The following contains spoilers for Star Wars: Visions #1, on sale now from Marvel Comics.
Introduced in the Star Wars: Visions animated series on Disney+, fan-favorite character “the Ronin” returns in Marvel’s Star Wars: Visions #1 (by Takashi Okazaki and Joe Caramagna of VC). Okazaki worked on the Disney+ series as a character designer, which has a second season in the works. Steeped in the culture of feudal JapanThe Ronin features a character that is the perfect blend of something new and something familiar.
Ever since Disney bought Lucasfilm, fans have been wanting something new from the star wars property, while fearing that the new star wars the content will not be recognizable by the dedicated fan base. It’s a balancing act that Disney has found itself faltering in, struggling to create new stories with old characters. But with Star Wars: Visionsand more precisely the character of the Ronin, Disney has a bona fide win on the board.
Who is Ronan from Star Wars: Visions?
In The dual On Disney+, the Ronin is presented as a wandering force user similar to the masterless samurai of feudal Japan and survivor of a Sith civil war. Along with his fellow astromech droid, B5-56, the two stop at a small town under siege by a group of Stormtrooper marauders led by another Sith. The comic simply offers another adventure in the life of the Ronin. Both stories are engaging, but for Star Wars, they’re pretty straightforward. However, the characters and concepts are much richer and offer a large amount of possible extensions and new knowledge.
Perhaps the most interesting aspect of The Ronin is that he’s a good guy with a red Sith lightsaber. Little is known about The Ronin, but at the end of The dual, we see that he collected red kyber crystals, the power source for any lightsaber. His aesthetic is almost exactly that of a traditional samurai, from his wardrobe to his sword scabbard (which also houses a second secret lightsaber blade). The comic is a new story and is pretty much in line with what we see in the episode, but it takes some visual liberties with aspects of The Ronin. In particular, his movements and the dynamics of his lightsaber.
Star Wars: Visions advances through character and concept
Both in The dual and comics, Okazaki took familiar characters and concepts, but built them in a way that makes them fresh for the star wars galaxy. All Stormtrooper armor is incomplete and patched with bamboo limbs and grizzled metal parts. One of the best designs is the mini gun-wielding protocol droid wearing the traditional Japanese hakama. Okazaki also introduces a new Sith, Lord Kouru, in The dual who wields a parasol, similar to the weapons seen in Japanese action cinema. In the comic, he adds to the Sith lineup with a splash page of 18 more new Sith, each with their own unique red lightsaber, including kyber-powered machetes, bo staffs, and glowing red palm blasters. All from battles of the Ronin’s past, defeated, and added to his kyber crystal collection.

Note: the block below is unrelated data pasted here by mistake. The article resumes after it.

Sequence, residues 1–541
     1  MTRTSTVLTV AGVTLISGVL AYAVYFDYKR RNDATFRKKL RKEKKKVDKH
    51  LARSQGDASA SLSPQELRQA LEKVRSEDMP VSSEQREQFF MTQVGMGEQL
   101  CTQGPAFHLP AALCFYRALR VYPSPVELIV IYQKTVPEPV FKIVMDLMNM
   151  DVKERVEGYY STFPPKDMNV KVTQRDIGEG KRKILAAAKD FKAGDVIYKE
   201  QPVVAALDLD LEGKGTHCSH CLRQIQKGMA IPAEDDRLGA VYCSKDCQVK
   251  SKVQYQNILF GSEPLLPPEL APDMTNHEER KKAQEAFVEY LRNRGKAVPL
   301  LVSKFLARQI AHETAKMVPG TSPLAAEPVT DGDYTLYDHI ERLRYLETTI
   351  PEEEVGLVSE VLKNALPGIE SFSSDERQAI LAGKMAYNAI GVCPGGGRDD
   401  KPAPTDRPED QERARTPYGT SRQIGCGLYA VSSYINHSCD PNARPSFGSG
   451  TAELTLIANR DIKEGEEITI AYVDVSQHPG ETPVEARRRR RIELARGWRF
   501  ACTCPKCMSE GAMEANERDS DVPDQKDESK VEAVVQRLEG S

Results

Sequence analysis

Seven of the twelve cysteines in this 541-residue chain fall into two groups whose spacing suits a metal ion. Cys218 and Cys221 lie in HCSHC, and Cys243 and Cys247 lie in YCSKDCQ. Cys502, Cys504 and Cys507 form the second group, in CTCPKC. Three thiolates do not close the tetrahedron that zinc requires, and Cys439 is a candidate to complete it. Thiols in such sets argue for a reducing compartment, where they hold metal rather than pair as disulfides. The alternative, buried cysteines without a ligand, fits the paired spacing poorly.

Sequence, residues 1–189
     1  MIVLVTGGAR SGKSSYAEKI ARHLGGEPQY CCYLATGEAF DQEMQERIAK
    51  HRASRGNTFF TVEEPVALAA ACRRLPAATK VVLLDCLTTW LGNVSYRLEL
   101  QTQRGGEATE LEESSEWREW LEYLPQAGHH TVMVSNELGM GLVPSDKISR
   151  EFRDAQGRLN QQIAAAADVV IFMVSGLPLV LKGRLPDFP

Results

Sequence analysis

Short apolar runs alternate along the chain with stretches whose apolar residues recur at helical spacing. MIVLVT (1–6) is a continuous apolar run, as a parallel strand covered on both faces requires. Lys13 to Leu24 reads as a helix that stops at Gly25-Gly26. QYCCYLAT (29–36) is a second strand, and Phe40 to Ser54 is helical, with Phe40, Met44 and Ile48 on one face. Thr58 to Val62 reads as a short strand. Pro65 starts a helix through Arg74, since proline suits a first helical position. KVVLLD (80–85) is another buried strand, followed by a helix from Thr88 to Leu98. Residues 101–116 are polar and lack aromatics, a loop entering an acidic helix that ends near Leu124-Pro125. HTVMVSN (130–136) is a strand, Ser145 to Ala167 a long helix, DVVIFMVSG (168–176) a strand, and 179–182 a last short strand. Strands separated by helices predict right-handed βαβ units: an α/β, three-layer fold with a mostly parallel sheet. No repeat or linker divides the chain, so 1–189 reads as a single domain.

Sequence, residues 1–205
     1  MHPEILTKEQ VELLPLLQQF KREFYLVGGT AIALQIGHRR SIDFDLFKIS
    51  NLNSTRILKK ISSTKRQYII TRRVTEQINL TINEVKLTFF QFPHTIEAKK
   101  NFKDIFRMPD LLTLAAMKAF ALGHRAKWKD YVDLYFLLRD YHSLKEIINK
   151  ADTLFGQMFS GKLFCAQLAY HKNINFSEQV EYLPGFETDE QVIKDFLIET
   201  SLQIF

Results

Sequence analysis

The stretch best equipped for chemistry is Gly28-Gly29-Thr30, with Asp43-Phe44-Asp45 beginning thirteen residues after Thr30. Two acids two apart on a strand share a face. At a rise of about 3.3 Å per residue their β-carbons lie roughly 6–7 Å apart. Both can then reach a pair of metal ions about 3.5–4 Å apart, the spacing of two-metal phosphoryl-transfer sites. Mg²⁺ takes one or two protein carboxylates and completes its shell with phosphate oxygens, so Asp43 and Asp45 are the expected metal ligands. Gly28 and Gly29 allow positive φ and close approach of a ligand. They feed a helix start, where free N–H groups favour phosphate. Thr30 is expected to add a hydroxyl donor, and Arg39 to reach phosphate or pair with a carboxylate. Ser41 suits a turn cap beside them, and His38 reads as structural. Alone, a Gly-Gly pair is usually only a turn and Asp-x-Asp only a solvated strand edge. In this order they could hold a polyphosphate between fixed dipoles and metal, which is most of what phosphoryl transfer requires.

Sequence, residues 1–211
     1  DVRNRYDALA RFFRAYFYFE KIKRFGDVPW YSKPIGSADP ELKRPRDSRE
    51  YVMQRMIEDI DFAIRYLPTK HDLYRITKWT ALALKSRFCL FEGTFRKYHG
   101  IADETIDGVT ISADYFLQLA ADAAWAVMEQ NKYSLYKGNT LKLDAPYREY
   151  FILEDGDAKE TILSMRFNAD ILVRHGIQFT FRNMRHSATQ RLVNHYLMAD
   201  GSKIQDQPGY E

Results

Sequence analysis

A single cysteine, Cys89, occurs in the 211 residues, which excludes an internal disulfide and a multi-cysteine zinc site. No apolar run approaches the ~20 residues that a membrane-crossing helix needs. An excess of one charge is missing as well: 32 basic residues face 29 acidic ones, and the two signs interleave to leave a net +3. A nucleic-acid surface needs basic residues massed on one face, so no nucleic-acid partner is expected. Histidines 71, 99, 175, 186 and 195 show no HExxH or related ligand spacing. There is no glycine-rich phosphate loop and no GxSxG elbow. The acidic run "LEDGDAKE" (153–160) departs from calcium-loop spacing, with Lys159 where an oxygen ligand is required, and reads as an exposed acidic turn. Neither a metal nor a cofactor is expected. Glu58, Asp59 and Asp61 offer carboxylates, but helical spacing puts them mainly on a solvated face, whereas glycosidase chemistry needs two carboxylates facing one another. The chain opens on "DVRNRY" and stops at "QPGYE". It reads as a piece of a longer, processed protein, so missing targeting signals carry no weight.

With the characters, Okazaki plays timidly with the concept of good and evil; Jedi and Sith. It creates a strong sense of ambiguity and sends the whole world back to the Akira Kurosawa films that George Lucas was so influenced by when he created star wars. Because of this, the comic creates a sense of heightened tension when the Ronin encounters a stranger on the road who wishes to join his company for the night. The Ronin deduces that the Stranger is a Jedi and is here to kill him, and in a daydream scenario envisions the two locked in battle. But instead, they both part ways destined to meet again.
A curious thing at the end of the issue is that Ronin refers to his droid as “master”. Using the Ronin theme juxtaposed with the Jedi theme, and even the Sith, it’s interesting that Okazaki leaves this open to interpretation for the reader. Another new twist on a traditional concept of star wars. It has not been announced if this is just a one-shot or if there will be a second issue, or possibly an ongoing series. But even more than another animated episode featuring these characters in season 2the Visions the comic lends itself to a real fork, to step away from Skywalker lore and create something brand new that lives in this galaxy that fans love. Okazaki manages to bring diversity in both culture and concept into one issue, something star wars wrote the book about, and will continue to do so with ideas like Visions.